New Zealand School of Music Young Musicians Programme
Classical Classes Final Concert 1
Adam Concert Room, NZSM, Victoria University
Saturday 10 September 2016, 2pm
It is inevitable in a concert of this sort that there will be a great variance in skill levels, and in musicianship. This time, there were fewer really young students than I have heard in previous concerts of this type; nearly all would be intermediate or secondary school students, I would guess. The comments below are made not to criticise the individual players, but hopefully to assist them to make their musicianship even better.
The concert opened with a guitar quartet playing two short pieces, very competently. Not all the players had full-sized guitars, and this may have contributed to the low volume. Like all the items, the pieces were introduced by the players. The two gentle pieces, ‘The Water is Wide’ and ‘Waterfalls’ had their attributions in the printed programme reversed – the former is traditional and the latter by Australian Peter de Monchaux. Vaughan Austin played solo lines very well. This was not all easy music; off-beat rhythms in the second piece were handled very well.
Robert Evers played two short pieces by Prokofiev, and gave his introduction very clearly and confidently s indeed was his playing. The first piece, ‘Regret’ was perhaps a little loud for such a sentiment. ‘Tarantelle’ was the expected fast dance. No pedal was used, and there was little subtlety but certainly excitement.
Ishta Khor (violin) and Elliot Baguley (cello) were younger performers, and I thought the tone, resulting from difficulties in tuning and bow technique, rather harsh, particularly with the violin. The cello parts were easier, and sounded better. The two pieces were by New Zealand composers: ‘A Book of Dreams’ by Barry Anderson and ‘Ghosts’ by Ronald Tremain.
Ryan In played from memory the Praeambulum from Partita no.5 in G (BWV 829) by J.S. Bach. This was superb pianism, Ryan’s phrasing and staccato passages were excellent. He varied the dynamics beautifully, and showed great digital facility for someone of his age.
He was followed by a piano trio: an excerpt (I assume the first movement) from Haydn’s piano trio no.22 in A. This was impressive playing, from Tee Hao-Aickin (violin), Liam Anderson (cello) and Vanessa O’Neill (piano). Their interpretation was convincing, the playing showed subtlety, there was good balance, and although intonation was not perfect, it was mainly very good, as was the players’ tone.
A change to singing: an all-female vocal ensemble of Hannah Collier (no relation), Hunter Meek, Brooke Raitt, Greta Healy-Melhuish, Cassandra Bahr and Lily Jones, accompanied by an excellent but unidentified pianist (later identified in another item as ‘Danny’) sang Frederick Keel’s setting of Shakespeare’s ‘You Spotted Snakes’ followed by ‘It was a Lover and his Lass’ by Vaughan Williams.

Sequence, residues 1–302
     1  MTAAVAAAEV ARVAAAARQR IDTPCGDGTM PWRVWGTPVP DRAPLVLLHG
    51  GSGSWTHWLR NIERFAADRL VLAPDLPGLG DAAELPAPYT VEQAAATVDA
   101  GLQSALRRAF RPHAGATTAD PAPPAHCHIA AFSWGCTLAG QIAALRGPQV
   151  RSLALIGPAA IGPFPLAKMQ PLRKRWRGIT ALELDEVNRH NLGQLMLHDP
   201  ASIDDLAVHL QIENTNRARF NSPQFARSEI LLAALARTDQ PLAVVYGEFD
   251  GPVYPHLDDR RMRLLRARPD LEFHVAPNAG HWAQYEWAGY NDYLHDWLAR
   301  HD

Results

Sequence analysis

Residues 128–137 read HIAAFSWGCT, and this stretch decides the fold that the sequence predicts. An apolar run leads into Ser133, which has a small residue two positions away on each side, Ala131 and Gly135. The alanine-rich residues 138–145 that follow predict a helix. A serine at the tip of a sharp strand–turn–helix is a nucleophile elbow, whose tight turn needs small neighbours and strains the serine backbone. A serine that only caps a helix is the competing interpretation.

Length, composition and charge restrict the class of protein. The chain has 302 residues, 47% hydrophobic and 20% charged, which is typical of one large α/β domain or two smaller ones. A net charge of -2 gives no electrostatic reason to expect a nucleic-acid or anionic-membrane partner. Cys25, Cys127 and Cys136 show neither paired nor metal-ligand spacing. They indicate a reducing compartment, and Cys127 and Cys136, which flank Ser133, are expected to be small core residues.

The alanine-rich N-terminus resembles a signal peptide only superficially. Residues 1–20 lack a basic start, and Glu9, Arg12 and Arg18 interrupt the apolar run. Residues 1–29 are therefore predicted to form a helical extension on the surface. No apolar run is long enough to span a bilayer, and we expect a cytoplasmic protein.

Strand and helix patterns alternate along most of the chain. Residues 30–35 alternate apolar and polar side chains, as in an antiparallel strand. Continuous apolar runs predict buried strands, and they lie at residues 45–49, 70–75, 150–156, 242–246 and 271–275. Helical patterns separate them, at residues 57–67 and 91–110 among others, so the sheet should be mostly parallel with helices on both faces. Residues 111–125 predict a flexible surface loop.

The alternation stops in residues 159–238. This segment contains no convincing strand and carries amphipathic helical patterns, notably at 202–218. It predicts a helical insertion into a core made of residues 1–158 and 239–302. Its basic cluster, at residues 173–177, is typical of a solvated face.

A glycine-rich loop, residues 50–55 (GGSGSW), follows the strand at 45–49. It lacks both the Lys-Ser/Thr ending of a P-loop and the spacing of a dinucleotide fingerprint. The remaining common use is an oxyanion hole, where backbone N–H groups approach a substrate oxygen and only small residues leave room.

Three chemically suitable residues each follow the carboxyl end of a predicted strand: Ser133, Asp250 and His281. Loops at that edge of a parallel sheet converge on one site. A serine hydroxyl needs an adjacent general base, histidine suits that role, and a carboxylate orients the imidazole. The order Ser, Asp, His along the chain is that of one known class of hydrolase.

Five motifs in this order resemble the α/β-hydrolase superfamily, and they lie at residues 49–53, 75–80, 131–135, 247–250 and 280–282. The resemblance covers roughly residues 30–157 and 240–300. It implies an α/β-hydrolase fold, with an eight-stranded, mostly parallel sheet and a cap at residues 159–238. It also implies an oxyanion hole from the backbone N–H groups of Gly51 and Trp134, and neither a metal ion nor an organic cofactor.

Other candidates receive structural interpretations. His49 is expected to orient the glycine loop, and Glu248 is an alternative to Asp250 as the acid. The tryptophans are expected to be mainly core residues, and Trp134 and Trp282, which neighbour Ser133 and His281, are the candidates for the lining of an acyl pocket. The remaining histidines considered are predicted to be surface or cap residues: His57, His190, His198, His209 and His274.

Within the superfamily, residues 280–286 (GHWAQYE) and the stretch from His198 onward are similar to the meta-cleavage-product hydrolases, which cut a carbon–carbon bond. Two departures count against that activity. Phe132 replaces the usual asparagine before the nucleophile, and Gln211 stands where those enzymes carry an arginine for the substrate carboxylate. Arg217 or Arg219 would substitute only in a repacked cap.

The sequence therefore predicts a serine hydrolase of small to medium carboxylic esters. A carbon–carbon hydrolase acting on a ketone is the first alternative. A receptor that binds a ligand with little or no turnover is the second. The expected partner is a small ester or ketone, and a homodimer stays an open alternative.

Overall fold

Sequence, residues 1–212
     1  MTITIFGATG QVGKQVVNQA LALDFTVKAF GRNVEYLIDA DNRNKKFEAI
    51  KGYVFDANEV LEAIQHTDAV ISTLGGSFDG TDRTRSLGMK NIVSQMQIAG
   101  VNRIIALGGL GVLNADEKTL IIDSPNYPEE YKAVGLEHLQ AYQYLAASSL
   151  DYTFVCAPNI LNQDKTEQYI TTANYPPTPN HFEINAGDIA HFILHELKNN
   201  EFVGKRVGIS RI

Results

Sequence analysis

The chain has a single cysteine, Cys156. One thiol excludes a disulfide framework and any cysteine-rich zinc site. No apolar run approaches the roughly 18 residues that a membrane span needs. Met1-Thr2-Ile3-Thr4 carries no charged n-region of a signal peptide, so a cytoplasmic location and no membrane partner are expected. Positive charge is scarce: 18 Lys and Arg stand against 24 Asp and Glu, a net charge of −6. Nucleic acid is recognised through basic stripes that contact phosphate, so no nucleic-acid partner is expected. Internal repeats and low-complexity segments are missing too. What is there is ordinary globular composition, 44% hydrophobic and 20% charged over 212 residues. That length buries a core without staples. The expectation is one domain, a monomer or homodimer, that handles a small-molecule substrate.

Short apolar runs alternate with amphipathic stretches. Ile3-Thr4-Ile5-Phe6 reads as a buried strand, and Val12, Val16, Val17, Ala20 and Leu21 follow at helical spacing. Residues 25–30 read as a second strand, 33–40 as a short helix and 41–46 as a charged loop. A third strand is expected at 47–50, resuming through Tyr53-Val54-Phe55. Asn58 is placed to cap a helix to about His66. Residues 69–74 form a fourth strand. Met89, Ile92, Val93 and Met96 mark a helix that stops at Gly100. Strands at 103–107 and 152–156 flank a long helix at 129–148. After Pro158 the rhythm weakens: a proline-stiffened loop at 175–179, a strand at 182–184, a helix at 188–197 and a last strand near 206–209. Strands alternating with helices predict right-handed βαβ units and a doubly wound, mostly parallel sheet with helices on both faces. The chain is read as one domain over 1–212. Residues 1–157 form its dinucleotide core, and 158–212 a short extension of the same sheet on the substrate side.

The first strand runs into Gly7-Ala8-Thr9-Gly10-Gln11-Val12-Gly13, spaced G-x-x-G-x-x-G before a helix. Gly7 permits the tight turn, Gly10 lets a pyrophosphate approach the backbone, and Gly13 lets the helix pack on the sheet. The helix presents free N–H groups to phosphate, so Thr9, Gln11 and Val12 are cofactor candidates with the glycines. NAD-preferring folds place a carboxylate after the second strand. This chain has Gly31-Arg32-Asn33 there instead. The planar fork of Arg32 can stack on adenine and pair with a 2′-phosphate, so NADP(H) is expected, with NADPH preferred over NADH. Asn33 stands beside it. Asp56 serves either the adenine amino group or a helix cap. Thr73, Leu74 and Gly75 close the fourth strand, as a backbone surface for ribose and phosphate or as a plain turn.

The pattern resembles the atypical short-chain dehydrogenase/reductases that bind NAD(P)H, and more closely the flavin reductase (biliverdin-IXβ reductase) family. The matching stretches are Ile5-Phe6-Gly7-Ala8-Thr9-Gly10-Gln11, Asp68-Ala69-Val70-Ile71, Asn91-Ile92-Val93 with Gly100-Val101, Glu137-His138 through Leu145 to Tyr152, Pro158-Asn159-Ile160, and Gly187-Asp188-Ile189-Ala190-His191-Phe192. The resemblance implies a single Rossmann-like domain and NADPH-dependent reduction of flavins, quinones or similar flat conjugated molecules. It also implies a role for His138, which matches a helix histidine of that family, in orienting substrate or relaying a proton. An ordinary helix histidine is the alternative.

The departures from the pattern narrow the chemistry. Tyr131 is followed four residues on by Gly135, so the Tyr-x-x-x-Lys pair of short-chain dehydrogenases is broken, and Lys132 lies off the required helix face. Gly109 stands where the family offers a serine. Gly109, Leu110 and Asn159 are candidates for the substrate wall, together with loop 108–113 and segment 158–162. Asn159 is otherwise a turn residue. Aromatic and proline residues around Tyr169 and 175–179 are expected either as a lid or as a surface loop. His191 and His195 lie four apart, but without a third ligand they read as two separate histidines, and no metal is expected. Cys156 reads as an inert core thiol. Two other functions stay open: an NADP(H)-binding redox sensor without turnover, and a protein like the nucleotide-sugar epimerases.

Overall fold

The voices and intonation were on the whole good, but there was insufficient variation of tone or dynamics. In the second song, these aspects improved, but sometimes the singing was just under the note, especially in the notorious seventh note of the scale when descending.
Vanessa O’Neill played the Prelude from Grieg’s Holberg Suite. The work was written for piano, although the composer’s arrangement for string orchestra is more well-known. Vanessa is a very able pianist. She knows what she is doing; fast passages were very accurately performed, and where the melody was in the bass, it was brought out well. This was a very enjoyable performance.
Brooke Raitt (voice) sang ‘Dream Valley’ by Roger Quilter. While she still has a child’s voice, this was very accurate singing, and William Blake’s words were well articulated. She just needs to develop greater warmth of tone. ‘Danny’ accompanied.
Stella Lu, piano, played Sonatina Op.13 no.1 by Kabalevsky. She played this fast piece (first movement) confidently and capably.
Tee Hao-Aickin returned, along with her pianist sister, Danielle, to play the allegro first movement of Beethoven’s wonderful ‘Spring’ sonata. This sublime work always makes me smile with pleasure. The players demonstrated lovely tone; these are promising young musicians. Intonation was not perfect, but very good from Tee. Perhaps the timing, phrasing and dynamics were a little too strict, especially in the piano part – there should be phrasing within phrases as well as between them. Otherwise, this ambitious item was most enjoyable.
A piano trio ‘Oblivion’ by Piazzolla from Jim Zhu (violin), Willoughby Benn (cello) and Ryan In (piano) I found rather dreary (was the composer’s idea to put the audience into oblivion?), but admittedly it warmed up a little during its course. These players were younger than the previous ones, and therefore not so skilled, but they did well. The cellist appeared younger than her colleagues, but held up her part well.
Hunter Meek, who had already sung in the vocal ensemble, sang Michael Head’s ‘Ships of Arcady’. I remember this song being popular in the 1960s; I have not heard it for a long time. Hunter sings well, but swallows her words somewhat. Her voice needs more projection, and she needs to keep her mouth open more in quiet passages. However, it was a pleasing performance, and it was good to hear her acknowledge Danny, still unnamed in the printed programme.
The final item was from pianists Stella Lu and Danielle Hao-Aickin, playing three short piano duet preludes by George Gershwin. The second, andante con moto e poco rubato, had more subtlety than its preceding allegro yet it also had cheekiness. The final allegro ben ritmato e deciso was a lively and attractive movement, played very well, making an upbeat end to the concert.
All these young players should be encouraged, whatever their age and level. A little top: when you bow, do look at the audience! The work of those who administer, arrange, teach and encourage young musicians deserve thanks.